Radiation therapists should report exposures: Exp

Mumbai: The first radiation death in India
in Delhi`s Mayapuri area was a wake up call not only in the
area of handling and disposing of such hazardous material but
also in the misadministration of radiation treatment
(radiotherapy) in some hospitals in the country, experts said.

This kind of misadministration could lead to either
overdose or underdose to patients and hamper the treatment
process, sometimes leading to their death, experts from Bhabha
Atomic Research Centre (BARC) and Atomic Energy Regulatory
Board (AERB) said here.

"The first radiation death in India due to the
unfortunate radiation incident in Delhi should serve as a
wakeup call for other equally important areas of concern.
Botched up radiation treatment may be the next," Dr K S
Parthasarathy, a Raja Ramanna Fellow of Department of Atomic
Energy and former secretary, AERB, said.

"Though the licensees carrying out radiation therapy
using accelerators and Cobalt-60 units and remote after
loading equipment are required to investigate and submit
written reports on accidental exposures, AERB has not received
any so far," Parthasarathy said in an interview.

"I believe that misadministrations are occurring in
radiation treatment. No one reports them. Rule 26 in the
Atomic Energy (Radiation Protection) Rules, 2004 addresses the
issues," said Parthasarathy, who is helping currently AERB
with these issues on request.

In radiotherapy, radiation can turn out to be a double
edged sword. Recent developments in advanced countries such as
USA indicate that there must be vigorous attempts towards
safer radiation treatment, BARC scientists said.

The botched up radiotherapy in several hospitals in USA
and Canada during 1974 to 1992 affected 466 patients; four of
them died. In one instance, a radiation source of high
activity remained inside a patient for four days as it got
accidentally detached. The patient got exposed to over 889
times the prescribed dose. Ninety four other individuals got
exposed inadvertently.

There is phenomenal increase in the number of medical
accelerators, Cobalt-60 units and remotely operated after
loading equipment in India. The AERB, the agency enforcing
radiation safety in India, issues licences to hospitals only
if they satisfy prescribed conditions including availability
of qualified personnel, Parthasarathy said.

The Board has published relevant safety codes on the
subject. The hospitals owning and operating radiation
equipment shall satisfy the provisions in the codes.

Rule 26 in the Atomic Energy (Radiation Protection)
Rules 2004 (RPR2004) aptly addresses the issues (available at

"Though the licensees carrying out radiation therapy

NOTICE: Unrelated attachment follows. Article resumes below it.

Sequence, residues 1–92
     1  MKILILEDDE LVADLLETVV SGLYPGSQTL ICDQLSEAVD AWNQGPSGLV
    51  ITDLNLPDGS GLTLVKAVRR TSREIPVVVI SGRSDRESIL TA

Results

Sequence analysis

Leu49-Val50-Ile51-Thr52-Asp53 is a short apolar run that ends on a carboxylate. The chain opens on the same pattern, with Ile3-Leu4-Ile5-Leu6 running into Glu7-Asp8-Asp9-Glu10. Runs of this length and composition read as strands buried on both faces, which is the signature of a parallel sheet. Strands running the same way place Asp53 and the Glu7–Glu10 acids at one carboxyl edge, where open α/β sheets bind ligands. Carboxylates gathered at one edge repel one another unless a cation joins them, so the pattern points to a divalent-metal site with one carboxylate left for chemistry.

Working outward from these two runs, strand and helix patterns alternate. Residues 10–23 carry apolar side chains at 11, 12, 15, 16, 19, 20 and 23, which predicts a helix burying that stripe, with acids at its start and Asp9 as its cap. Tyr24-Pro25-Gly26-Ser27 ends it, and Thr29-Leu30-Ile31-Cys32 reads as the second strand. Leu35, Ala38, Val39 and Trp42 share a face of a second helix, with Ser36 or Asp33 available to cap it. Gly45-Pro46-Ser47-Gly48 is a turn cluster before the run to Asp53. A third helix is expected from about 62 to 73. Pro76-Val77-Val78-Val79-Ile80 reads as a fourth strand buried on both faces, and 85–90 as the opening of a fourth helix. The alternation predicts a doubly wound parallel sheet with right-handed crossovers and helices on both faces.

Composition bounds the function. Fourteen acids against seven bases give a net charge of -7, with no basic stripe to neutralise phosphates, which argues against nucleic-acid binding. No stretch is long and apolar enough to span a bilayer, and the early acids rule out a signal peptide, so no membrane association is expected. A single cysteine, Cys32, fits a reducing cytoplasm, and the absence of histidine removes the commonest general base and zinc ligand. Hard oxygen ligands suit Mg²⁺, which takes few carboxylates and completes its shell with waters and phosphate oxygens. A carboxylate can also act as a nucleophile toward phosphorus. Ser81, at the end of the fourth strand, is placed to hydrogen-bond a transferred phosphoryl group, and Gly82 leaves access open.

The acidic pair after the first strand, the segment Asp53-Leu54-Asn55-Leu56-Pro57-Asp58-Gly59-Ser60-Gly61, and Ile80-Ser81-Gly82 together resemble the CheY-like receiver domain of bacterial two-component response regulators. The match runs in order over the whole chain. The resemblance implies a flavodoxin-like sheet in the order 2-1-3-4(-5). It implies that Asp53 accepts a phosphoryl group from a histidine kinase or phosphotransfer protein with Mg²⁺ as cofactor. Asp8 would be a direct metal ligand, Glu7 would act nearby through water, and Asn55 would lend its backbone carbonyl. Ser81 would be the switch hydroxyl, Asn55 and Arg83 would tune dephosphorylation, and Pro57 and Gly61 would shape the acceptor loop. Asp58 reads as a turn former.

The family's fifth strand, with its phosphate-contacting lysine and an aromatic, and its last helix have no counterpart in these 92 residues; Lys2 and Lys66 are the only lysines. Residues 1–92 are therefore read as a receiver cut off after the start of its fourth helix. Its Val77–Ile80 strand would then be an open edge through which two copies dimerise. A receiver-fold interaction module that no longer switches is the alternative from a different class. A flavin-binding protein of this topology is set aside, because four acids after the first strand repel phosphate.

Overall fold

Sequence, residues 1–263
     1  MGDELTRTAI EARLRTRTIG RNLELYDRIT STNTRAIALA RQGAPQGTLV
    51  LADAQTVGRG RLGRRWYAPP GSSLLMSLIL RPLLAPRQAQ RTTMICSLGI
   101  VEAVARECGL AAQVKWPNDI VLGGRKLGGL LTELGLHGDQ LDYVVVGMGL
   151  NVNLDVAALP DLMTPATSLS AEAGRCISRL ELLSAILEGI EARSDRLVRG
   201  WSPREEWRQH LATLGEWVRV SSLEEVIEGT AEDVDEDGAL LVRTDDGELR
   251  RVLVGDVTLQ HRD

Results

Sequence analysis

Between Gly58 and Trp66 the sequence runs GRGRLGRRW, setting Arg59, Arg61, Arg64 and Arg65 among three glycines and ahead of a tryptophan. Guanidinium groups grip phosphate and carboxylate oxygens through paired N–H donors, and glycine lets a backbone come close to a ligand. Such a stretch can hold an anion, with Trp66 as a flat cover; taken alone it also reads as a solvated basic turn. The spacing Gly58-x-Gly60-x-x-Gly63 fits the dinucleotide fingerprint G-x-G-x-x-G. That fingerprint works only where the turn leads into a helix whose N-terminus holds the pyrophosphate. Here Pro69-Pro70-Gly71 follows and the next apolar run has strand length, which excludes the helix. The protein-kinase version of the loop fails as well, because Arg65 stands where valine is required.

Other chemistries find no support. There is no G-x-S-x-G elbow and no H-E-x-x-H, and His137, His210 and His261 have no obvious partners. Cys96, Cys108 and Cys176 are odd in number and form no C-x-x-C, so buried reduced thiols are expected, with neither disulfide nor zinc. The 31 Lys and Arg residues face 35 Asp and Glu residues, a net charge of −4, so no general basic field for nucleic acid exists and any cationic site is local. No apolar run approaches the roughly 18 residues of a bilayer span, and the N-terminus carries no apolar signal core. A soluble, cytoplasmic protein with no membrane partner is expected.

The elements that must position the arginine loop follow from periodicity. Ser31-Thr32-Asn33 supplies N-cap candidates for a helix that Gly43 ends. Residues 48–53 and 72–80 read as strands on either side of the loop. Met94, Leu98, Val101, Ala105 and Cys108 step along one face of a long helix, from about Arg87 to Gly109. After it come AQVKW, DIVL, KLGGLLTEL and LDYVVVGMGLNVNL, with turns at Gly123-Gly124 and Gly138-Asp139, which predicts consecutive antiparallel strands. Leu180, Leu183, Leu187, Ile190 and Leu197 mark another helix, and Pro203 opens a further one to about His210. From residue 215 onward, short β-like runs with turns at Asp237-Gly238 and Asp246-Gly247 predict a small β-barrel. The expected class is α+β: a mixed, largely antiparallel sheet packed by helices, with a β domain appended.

using accelerators and Cobalt-60 units and remote after
loading equipment are required to investigate and submit
written reports on accidental exposures, AERB has not received
any so far," Parthasarthy said.

BARC had started a postal dose quality audit programme
in 1976, with nine hospitals using cobalt-60 machines. Now the
scientists in the Radiation Standards Section, BARC, send
capsules containing specially prepared thermo-luminescent
powder to the participating hospitals. As per instruction, the
medical physicist in the hospital exposes them to a specific
dose under specified conditions before returning them to BARC.

"BARC scientists estimate the dose accurately," he said.
Most hospitals deliver accurate doses to patients. AERB and
BARC have asked hospitals showing unacceptable errors to
stop treatment of patients till the issues are resolved. The
service covered over 250 hospitals in India.

"Occasionally, BARC scientists have noticed serious
errors like during 2007-2008 eight beams showed serious errors
ranging from -13.2 per cent to 72.8 per cent, due to
calculation errors or mistaken irradiation of capsules. A
positive deviation leads to under-dosing and inadequate
treatment," Parthasarthy said.

It is appalling to note that several hospitals do not
participate in this virtually free service which provides an
independent verification of radiation dose. During February
2006, BARC invited 100 hospitals to the audit programme but
only 33 turned up, he said.

"Cancer patients or their relatives may ask the hospital
whether they have joined the dose audit programme of BARC.
This may force the hospitals to join the scheme. During
inspections, AERB officials must ask the hospitals to show the
records of BARC dose audit programmes," Parthasarathy and
scientists from health physics division of BARC said.

Replying to a query as to how and why India should be
concerned and take preventive steps towards a safer radiation
treatment, Parthasarathy said, "This year, The New York Times
(January 24, 26, 27 issues) described several instances of
bungled radiotherapy in USA and lessons should be learnt from

Radiotherapy is a popularly used mode for cancer
treatment. About 60 per cent of cancer patients may require
some form of radiation treatment. The recent humongous errors
in radiotherapy in USA led to gruesome consequences, he said.

Dose audit programme covering all hospitals must be
made mandatory, the expert said.


By continuing to use the site, you agree to the use of cookies. You can find out more by clicking this link